Ie: For more information about our team, click here.

Or change it up a bit with: For more information check out this post.

Other ways to use anchor text

Branding

Using your brand name as anchor text creates a more natural link profile throughout the site

Plain URLS

Plain or naked URLS (i.e. www.ideazone.ca) can be just as effective as a cleverly written anchor text because they’re honest. Branding comes into play here.

Titles

Using the title of the linked material as anchor text is an effective way to create a trustworthy link network.

In the end, anchor text should naturally follow the tone of the sentence and build onto the rest of the content.

Try these steps for creating anchor text

  • Write your sentence
  • Choose where you want the internal link to point to
  • Choose which part of the sentence makes the most sense for the anchor text
  • Link it and keep going to the next block of text

Make Sure you Deep Link

Deep linking is when you link to a “deeper” page on your site – a page other than the standard homepage and contact page (which is called “shallow linking”). The more internal pages you link to, the more robust your site’s link hierarchy becomes. This will make it easier for visitors to find the information they need and even the information they didn’t know they needed.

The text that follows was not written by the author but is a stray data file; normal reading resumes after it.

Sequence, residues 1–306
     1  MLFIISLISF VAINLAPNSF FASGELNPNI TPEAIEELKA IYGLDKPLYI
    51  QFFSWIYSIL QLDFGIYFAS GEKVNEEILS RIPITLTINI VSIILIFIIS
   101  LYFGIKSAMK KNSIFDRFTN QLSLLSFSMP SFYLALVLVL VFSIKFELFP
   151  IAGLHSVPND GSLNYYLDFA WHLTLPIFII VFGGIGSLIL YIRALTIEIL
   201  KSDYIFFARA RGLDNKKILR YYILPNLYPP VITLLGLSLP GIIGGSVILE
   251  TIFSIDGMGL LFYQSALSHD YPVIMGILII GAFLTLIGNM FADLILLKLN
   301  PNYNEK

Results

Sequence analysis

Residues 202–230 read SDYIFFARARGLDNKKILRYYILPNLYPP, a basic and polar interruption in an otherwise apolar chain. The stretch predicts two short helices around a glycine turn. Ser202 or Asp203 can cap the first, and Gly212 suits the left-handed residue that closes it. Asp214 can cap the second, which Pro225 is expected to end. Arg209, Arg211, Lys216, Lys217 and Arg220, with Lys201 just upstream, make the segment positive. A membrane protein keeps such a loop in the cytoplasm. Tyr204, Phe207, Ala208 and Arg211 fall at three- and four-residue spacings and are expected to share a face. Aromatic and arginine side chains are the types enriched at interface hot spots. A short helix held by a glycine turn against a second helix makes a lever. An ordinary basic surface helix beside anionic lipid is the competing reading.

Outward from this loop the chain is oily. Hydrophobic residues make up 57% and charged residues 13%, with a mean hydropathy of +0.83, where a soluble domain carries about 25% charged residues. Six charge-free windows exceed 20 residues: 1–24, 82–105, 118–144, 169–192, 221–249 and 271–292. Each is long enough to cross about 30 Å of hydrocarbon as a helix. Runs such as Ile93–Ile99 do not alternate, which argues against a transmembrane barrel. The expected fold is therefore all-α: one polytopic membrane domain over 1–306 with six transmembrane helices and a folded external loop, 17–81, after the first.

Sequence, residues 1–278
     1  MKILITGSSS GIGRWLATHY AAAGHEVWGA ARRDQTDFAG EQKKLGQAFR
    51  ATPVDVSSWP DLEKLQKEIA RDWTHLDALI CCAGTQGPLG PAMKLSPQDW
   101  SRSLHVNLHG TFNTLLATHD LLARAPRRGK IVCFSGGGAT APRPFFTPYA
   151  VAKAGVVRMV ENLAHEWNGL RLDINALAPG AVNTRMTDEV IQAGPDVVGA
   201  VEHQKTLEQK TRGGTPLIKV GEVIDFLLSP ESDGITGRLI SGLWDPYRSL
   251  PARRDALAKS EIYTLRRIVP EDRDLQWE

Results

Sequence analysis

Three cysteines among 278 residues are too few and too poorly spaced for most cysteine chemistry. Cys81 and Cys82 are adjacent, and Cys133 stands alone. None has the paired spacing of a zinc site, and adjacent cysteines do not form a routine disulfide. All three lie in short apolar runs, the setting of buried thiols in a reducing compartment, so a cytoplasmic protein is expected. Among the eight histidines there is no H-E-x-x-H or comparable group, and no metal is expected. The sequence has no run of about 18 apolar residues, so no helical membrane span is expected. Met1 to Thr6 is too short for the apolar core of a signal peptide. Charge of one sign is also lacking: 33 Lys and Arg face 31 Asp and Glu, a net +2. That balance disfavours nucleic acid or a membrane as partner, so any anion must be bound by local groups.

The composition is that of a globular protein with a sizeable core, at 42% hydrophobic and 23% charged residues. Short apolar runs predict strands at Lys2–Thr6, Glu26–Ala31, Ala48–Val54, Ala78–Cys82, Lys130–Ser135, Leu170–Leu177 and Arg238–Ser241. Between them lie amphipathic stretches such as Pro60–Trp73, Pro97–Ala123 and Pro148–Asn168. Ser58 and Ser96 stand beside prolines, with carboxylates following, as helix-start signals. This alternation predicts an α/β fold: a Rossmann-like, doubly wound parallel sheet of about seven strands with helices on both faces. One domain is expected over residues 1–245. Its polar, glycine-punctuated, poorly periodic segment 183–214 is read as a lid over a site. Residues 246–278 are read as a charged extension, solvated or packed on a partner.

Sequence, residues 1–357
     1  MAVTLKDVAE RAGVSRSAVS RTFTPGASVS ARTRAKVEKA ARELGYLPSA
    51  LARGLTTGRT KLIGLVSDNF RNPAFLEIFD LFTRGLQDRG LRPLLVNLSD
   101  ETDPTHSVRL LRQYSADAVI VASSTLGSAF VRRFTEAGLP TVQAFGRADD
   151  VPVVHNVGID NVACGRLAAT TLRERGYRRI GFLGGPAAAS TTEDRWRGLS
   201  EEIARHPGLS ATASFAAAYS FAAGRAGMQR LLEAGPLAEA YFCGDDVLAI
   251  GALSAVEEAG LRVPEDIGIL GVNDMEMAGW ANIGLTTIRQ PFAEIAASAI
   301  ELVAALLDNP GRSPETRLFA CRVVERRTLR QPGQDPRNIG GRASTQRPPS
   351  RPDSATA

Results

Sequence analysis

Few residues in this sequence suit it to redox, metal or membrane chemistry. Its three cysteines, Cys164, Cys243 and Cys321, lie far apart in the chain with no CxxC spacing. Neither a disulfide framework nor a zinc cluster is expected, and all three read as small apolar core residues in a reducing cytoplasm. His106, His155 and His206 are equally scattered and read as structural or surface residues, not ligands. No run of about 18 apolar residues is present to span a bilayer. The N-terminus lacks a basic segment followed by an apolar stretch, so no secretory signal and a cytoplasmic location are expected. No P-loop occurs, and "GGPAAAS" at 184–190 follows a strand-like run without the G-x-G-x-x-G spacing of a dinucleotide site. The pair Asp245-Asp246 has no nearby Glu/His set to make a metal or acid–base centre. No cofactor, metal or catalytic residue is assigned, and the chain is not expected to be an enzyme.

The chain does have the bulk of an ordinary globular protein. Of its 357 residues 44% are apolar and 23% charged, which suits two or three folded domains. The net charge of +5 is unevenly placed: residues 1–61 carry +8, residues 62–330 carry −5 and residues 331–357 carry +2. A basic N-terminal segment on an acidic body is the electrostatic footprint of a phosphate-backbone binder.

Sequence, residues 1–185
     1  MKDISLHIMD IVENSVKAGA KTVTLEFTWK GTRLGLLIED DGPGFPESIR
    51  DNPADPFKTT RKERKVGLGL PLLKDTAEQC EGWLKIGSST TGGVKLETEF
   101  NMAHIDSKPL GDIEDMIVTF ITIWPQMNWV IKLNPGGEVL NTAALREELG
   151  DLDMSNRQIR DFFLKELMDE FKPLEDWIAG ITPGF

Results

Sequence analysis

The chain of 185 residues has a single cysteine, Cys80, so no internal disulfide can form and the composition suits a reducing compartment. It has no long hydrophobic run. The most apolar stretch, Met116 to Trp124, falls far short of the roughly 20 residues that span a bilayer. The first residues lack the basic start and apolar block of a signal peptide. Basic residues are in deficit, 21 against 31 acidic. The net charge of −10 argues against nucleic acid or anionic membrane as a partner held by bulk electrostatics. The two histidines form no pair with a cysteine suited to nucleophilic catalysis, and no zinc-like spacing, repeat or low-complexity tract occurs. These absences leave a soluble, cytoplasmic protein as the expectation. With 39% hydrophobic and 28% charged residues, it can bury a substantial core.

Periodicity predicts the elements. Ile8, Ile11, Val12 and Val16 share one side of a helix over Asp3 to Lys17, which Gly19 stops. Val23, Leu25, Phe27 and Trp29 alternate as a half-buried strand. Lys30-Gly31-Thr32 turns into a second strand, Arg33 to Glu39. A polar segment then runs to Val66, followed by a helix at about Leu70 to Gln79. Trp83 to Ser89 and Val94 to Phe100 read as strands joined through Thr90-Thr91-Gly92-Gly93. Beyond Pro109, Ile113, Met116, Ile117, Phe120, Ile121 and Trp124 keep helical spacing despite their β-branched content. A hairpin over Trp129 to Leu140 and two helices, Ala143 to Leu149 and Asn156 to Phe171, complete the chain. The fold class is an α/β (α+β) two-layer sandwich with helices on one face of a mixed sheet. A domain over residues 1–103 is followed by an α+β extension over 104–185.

Let’s say you design and sell cell phone cases, and you’ve recently branched into cases for tablets. Your site visitor came looking for phone cases but while skimming your post, they saw anchor text with an internal link to the page showcasing your new line of tablet cases. They would be able to click the link and move directly to that page and potentially buy a new phone case and a new tablet case.